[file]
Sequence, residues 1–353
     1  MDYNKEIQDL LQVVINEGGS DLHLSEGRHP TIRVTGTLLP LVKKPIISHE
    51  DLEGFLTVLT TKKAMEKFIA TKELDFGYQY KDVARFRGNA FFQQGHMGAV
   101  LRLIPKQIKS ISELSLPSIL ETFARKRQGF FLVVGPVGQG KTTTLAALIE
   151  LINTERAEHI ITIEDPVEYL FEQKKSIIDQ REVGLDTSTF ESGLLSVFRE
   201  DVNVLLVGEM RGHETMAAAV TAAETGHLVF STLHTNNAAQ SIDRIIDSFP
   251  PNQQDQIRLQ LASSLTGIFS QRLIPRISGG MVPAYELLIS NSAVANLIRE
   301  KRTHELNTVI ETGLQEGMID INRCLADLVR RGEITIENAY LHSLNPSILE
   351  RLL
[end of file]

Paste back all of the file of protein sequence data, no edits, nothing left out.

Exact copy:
Sequence, residues 1–353
     1  MDYNKEIQDL LQVVINEGGS DLHLSEGRHP TIRVTGTLLP LVKKPIISHE
    51  DLEGFLTVLT TKKAMEKFIA TKELDFGYQY KDVARFRGNA FFQQGHMGAV
   101  LRLIPKQIKS ISELSLPSIL ETFARKRQGF FLVVGPVGQG KTTTLAALIE
   151  LINTERAEHI ITIEDPVEYL FEQKKSIIDQ REVGLDTSTF ESGLLSVFRE
   201  DVNVLLVGEM RGHETMAAAV TAAETGHLVF STLHTNNAAQ SIDRIIDSFP
   251  PNQQDQIRLQ LASSLTGIFS QRLIPRISGG MVPAYELLIS NSAVANLIRE
   301  KRTHELNTVI ETGLQEGMID INRCLADLVR RGEITIENAY LHSLNPSILE
   351  RLL